While George Alec Effinger’s Budayeen novel When Gravity Fails is perhaps his most famous work, his lesser known novel The Wolves of Memory remained his favorite. In it, he introduced readers to Sandor Courane, an Everyman and Effinger stand-in who struggles as he swims against the currents of Fate. In life and in his multiple deaths, Sandor Courane serves as the unifying force in this collection of Effinger’s stories, starting with The Wolves of Memory and getting ever cleverer and more off-the-wall from there.
When we first meet Courane, he must face down TECT, the self-aware computer that has come to control the Earth and its colonial planets. Exiled to Planet D, Courane races to solve the debilitating disease that attacks each of the planet’s residents, even as his own memory begins to fade. Unfortunately, his only source of information about the illness is TECT, itself, and the computer’s agenda doesn’t seem to line up with Courane’s.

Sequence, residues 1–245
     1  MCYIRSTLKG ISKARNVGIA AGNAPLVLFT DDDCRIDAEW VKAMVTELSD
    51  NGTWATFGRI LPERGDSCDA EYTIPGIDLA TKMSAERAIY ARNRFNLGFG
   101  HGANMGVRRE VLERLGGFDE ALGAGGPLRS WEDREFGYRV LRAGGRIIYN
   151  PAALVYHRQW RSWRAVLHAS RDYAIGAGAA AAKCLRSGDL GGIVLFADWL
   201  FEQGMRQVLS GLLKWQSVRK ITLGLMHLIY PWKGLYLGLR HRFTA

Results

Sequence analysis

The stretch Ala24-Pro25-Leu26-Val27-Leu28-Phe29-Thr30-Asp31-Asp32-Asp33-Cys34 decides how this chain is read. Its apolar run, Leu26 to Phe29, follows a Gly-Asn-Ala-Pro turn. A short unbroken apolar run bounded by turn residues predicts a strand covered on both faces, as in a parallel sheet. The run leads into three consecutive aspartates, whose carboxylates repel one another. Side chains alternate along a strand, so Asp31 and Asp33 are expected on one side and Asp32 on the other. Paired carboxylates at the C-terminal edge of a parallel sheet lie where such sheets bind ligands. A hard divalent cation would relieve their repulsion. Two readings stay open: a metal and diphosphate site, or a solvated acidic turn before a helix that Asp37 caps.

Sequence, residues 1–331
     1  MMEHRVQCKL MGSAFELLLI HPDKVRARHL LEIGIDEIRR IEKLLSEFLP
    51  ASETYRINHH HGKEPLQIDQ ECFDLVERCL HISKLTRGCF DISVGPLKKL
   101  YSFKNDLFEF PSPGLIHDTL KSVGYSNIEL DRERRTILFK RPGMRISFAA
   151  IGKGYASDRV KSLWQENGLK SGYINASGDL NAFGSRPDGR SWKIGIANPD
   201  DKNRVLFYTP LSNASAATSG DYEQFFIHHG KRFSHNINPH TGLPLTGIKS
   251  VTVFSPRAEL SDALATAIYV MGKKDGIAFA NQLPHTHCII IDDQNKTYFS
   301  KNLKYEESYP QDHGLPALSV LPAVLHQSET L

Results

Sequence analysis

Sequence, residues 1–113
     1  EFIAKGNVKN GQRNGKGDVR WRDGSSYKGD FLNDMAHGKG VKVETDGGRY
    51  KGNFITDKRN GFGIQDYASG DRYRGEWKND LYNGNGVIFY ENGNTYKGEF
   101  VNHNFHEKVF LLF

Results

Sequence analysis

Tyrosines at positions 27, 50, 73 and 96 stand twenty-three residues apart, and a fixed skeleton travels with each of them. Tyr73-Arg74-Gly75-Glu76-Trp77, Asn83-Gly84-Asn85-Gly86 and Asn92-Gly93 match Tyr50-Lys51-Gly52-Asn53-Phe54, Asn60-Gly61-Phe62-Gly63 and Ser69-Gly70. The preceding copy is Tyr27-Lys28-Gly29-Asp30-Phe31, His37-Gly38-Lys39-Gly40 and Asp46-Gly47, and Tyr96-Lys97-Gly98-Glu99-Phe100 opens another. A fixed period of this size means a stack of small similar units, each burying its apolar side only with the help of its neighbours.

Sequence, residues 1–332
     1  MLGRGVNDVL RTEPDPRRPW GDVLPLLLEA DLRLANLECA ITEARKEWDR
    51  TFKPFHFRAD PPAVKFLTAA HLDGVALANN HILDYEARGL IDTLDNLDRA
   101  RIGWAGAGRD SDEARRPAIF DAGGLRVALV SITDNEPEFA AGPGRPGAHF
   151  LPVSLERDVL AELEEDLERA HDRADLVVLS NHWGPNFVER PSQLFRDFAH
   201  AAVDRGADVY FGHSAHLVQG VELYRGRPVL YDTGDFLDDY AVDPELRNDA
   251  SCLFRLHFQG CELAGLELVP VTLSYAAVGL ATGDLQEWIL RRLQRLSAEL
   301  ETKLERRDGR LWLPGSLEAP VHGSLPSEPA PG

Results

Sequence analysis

In the seven other stories contained in A Thousand Deaths, Courane becomes detached from what is reality and what is story as Effinger expertly plays with narrative conventions. However, these aren’t simply the whims of a SF writer; they are the frameworks the Nebula and Hugo Award-nominated author uses to answer questions about existence no one else even thought to ask.